Seychelles-based Chagossians refuse to take part in visits to the Chagos islandsGeneral |Author: Sharon Ernesta Edited by: Betymie Bonnelame | September 7, 2017, Thursday @ 14:56| 5401 views
Chagossians were forcibly evicted from the Chagos archipelago in 1960 when the UK leased the main island, Diego Garcia, to the United States to use as a military base. (Pierre Prosper)
(Seychelles News Agency) - Seychelles-based Chagossians are boycotting a planned visit to their homeland in October this year, the chair of the local association said.
Pierre Prosper, the chair of the Association of Chagossians in Seychelles, told SNA, “We have refused to take part in the visit because we do not think it is appropriate for the British Government to use money which they have given for our needs and to improve our livelihoods for these visits.”
The local group was speaking to SNA after the publication of an article in ‘lexpress’ in Mauritius, saying that a group of Chagossians living in Mauritius and the United Kingdom will be visiting their homeland in a visit organised by the British government. The visit is planned from October 30 to November 8.
“The local group strongly feels that the money should be used for the welfare of the Chagossians who are in dire need of social assistance," Prosper said. "As for the visits, we feel that this should not be part of the package and should be something separate.”
|A group of Chagossians who settled in the Seychelles went on a trip organised and sponsored by the British government in 2015. (Alvin Tirant) Photo License: All Rights Reserved|
“In our last general meeting, the local committee we decided not to support this visit until the British Government comes up with a support fund based on individual needs of the displaced group,” said the association chair.
Around 2,000 Chagossians were forcibly evicted from the Chagos archipelago in the central Indian Ocean in 1960 after the UK leased the main island, Diego Garcia, to the United States to use as a military base. More than 200 were deported to Mahé, the main island of Seychelles, between 1967 and 1973, when the country was still a British colony.
The British government is offering a package of approximately $44 million, which will be disbursed over the next ten years.
“The sum will be used for all Chagossians living in Seychelles, Mauritius and the United Kingdom. This amount will also need to cater to all generations of these displaced people and will not go far,” said Prosper.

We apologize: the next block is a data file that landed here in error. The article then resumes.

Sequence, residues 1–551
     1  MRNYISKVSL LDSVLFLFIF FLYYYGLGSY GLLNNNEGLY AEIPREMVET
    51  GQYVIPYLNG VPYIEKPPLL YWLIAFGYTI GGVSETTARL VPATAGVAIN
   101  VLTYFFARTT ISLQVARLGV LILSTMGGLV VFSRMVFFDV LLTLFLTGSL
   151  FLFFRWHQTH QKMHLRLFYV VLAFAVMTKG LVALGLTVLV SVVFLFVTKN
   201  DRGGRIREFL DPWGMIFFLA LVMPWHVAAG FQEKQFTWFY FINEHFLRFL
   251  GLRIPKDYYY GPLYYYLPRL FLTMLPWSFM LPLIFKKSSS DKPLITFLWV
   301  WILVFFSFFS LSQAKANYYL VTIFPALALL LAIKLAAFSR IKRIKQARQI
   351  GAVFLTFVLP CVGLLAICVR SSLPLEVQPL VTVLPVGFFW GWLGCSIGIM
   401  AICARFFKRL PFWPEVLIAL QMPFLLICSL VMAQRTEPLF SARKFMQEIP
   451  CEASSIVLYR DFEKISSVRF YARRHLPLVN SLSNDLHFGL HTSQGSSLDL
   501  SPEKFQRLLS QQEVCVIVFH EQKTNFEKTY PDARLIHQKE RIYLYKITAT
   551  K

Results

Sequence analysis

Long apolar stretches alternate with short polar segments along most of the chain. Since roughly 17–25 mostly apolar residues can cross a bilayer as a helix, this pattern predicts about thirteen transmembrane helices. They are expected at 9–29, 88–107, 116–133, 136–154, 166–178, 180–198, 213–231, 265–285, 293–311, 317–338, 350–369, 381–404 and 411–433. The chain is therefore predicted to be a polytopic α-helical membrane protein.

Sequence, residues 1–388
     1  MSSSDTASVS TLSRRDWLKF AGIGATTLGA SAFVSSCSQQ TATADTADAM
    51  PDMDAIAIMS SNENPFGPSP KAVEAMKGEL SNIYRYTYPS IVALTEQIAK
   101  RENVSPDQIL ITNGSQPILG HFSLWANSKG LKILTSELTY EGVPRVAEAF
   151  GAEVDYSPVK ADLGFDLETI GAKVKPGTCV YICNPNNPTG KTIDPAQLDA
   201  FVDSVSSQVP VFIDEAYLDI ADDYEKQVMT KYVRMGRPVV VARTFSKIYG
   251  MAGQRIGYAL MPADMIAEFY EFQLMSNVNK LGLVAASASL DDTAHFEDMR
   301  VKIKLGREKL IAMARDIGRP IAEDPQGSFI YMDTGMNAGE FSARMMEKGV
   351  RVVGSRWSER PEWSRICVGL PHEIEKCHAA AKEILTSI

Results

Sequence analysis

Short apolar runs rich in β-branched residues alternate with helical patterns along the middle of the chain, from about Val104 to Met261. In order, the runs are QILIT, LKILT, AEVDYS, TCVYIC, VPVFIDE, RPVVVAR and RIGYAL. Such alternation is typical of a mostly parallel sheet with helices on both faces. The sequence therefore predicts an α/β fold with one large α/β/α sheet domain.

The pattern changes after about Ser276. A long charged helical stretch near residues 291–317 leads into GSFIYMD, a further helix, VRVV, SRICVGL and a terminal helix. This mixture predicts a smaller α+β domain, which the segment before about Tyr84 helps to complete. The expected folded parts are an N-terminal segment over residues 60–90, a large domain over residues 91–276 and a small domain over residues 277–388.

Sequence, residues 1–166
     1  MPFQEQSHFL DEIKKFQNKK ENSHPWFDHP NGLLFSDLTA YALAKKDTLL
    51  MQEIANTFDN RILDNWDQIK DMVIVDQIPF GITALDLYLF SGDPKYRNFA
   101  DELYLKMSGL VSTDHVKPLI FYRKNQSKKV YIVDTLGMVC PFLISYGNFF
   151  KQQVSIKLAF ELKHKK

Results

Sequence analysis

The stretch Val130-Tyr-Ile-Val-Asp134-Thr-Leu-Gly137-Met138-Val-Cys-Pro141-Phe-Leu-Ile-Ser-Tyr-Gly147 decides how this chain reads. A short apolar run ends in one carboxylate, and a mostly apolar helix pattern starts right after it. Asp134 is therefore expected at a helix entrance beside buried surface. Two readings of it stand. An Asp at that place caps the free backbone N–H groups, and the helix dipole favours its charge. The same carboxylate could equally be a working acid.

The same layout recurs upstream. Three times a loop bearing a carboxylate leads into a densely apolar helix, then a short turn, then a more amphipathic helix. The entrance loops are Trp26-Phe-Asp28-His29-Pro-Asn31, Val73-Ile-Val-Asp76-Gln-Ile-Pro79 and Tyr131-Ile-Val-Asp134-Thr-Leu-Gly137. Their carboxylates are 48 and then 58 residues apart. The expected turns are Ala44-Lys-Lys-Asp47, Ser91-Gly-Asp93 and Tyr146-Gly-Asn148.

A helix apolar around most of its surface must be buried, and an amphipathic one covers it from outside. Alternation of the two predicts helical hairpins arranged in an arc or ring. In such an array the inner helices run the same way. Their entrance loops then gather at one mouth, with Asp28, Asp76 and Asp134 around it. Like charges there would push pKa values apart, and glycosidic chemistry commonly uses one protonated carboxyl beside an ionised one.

Prosper added that “some Chagossians living in the Seychelles are barely getting by, while others lack some of the necessities such as treated water and indoor toilets. People need funds to fix or even built their houses and better their living conditions.”
He told SNA that the British Government also needs to explain how it will disburse the funds. “We feel strongly that the British should define what they mean by needs as we feel needs is definitely more important than a visit.”
In a statement made earlier this year to SNA, the British High Commission in Seychelles said the visits organised and paid for by the Foreign and Commonwealth Office will allow Chagossians to "maintain a connection to the islands."
The High Commission said its government's support package seeks to improve the livelihoods of Chagossians in communities where they now live. It said officials had started discussions with Chagossian communities in the U.K. and Seychelles to "ensure that we develop effective programmes, including visits, which have the biggest impact on the lives of those who need it most."
The Chagos Association in Seychelles, a group of 115 islands in the western Indian Ocean, is also forging ahead with its court case in the U.K. High Court for resettlement, a case filed two weeks ago.
Prosper said that the association is setting up a crowd-justice funding mechanism, to conduct fund raising activities, as well as liaising with the Ministry of Finance to see how they can raise money through the Corporate Social Responsibility tax to cover the costs.